Wanser v. Hoos

CourtUnited States State Supreme Court (New Jersey)
Citation38 A. 449,60 N.J.L. 482
PartiesWANSER v. HOOS.
Decision Date02 October 1897

Error to supreme court.

Action between Peter F. Wanser and Edward Hoos. From a judgment for the latter, the former brings error. Affirmed.

Charles L. Corbin, for plaintiff in error.

Allen L. McDermott, for defendant in error.

DEPUE, J. The issue presented in this case is upon the validity of an act of the legislature entitled "An act relating to cities of the first class in this state, and providing for the holding of municipal and charter elections therein, and regulating the terms of elective and appointive officers therein." P. L. 1897, p. 43. It provides that all municipal officers in cities of the first class shall be elected in each year on the first Tuesday after the first Monday of November, which is the day fixed for the annual election of state and county officers, and upon the same official ballots required by law for the election of state and county officers. It combined the election of municipal officers with elections for state and county officers, which theretofore bad been kept separate. The contention was that this act was in violation of constitutional provisions. This contention was sustained by the supreme court. Hoos v. O'Donnell, 37 Atl. 447.

Paragraph 11, § 7, art. 4, of the constitution, provides that the legislature shall not pass any private, local, or special laws in certain enumerated cases, among which is "regulating the internal affairs of towns and counties." This constitutional prescription is a restriction on the power of the legislature. This limitation on the sovereign power of the legislature did not appear either in the constitution of 1776 or 1845. It was introduced into the organic law of this state by an amendment in 1875, and grew out of the public appreciation of the evils that spring from local and special legislation in relation to municipal affairs. The people, in adopting this constitutional amendment, intended to eradicate the source of these evils. In language too plain and explicit to be misapprehended, it prohibited the legislature from passing any local or special law on that subject, and restricted such legislation to general laws. The construction and force of this constitutional provision presents a legal question to be decided by the courts. State v. Rogers, 56 N. J. Law, 480, 28 Atl. 726, and 29 Atl. 173. The course of legislation on this subject by the legislature, while it is entitled to respect, cannot be permitted to control the decision of the judicial department of the government in its construction of the constitutional provision; for, as was said by Chief Justice Marshall in Cohens v. Virginia, 6 Wheat. 264, "the power to make, or unmake, the fundamental instrument of government, resides only in the whole body of the people, and not in any subdivision of them." The legislature may, without infringing on this constitutional interdict, resort to classification for the convenience of legislation. The act of 1882 (1 Gen. St. p. 458), by which cities were divided into classes, and other statutes, by which boroughs and counties were in like manner divided, are instances of such legislation. The act of 1882 expressly declares that the classification therein made was for the purpose of municipal legislation in relation to cities, and that all legislation founded upon such classification should be construed to embrace all cities of the class referred to. The courts, in a series of cases too numerous to be cited, have given to this constitutional provision a fixed construction. In the first case in which this constitutional provision came before the court, a general law, as contradistinguished from a special or local law, within the meaning of the constitutional provision, was defined to be a law that embraced a class of subjects or places, and did not omit any subject or place naturally belonging to such a class. Van Riper v. Parsons, 40 N. J. Law, 1.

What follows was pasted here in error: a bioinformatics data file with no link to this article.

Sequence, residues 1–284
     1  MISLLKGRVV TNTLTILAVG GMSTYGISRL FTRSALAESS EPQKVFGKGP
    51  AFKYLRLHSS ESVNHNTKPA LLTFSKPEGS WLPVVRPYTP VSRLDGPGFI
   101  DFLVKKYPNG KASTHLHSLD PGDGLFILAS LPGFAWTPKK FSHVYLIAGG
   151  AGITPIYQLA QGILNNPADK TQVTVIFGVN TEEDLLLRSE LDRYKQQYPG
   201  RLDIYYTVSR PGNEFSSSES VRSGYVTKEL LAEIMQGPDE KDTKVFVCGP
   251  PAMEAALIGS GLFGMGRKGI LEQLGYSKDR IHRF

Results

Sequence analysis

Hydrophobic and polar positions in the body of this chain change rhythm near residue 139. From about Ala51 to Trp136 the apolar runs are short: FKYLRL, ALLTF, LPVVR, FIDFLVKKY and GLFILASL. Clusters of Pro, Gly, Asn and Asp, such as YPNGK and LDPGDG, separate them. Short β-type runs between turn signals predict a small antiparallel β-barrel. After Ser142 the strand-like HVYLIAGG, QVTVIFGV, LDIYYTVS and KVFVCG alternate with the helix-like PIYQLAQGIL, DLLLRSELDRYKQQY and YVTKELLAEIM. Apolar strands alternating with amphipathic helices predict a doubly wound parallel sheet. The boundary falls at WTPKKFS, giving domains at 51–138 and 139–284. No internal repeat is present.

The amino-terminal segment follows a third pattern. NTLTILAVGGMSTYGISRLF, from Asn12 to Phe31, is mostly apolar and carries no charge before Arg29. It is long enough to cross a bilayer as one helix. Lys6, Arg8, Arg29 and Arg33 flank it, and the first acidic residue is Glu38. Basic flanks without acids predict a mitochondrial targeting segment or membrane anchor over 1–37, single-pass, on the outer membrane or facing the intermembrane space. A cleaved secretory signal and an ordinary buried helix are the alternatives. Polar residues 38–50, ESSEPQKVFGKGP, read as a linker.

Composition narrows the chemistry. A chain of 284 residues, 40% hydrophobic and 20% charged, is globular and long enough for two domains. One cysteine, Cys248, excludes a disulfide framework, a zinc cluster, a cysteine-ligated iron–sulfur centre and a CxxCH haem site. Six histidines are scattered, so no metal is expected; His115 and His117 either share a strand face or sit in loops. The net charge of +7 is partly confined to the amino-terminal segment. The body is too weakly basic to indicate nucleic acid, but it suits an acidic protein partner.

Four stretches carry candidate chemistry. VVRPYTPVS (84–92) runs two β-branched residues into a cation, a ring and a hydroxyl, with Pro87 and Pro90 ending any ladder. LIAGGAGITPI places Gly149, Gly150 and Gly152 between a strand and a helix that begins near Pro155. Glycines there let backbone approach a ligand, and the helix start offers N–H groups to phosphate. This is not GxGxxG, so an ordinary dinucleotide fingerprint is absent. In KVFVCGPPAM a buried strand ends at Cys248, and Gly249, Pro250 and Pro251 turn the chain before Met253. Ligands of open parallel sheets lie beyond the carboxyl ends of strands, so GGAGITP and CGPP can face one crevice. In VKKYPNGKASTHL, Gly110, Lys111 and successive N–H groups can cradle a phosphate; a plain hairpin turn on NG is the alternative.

The test of the generality of a law adopted is that it shall embrace all and exclude none whose conditions and wants render such legislation equally appropriate to them as a class. It is also equally well settled by decisions of our courts that, although population may be made the basis of classification in statutes relating to municipal bodies, such a classification cannot be made the means of evading the constitutional interdict of local or special laws. The question whether any particular statute is local or special must be determined, not upon its compliance with a legislative classification but upon whether, having regard to the char acter of the legislation and the limitation upon it contained in the act, the statute is or is not a general law, as defined by the courts. The supreme court of the United States has likewise proceeded upon this principle in deciding upon the validity of statutes under the equality clause in the fourteenth amendment to the federal constitution. In Railroad Co. v. Ellis, 165 U. S. 150, 17 Sup. Ct. 255, the court held that there might be classification for the purpose of legislation, but that the mere fact of classification was not sufficient to relieve a statute from the reach of the equality clause of the fourteenth amendment, and that in all cases it must appear not merely that a classification has been made, but also that it is based upon some reasonable ground,—something which bears a just and proper relation to the attempted classification, and is not a mere arbitrary selection; and, in the application of that principle, the court set aside an act of state legislation, as in violation of the constitutional provision.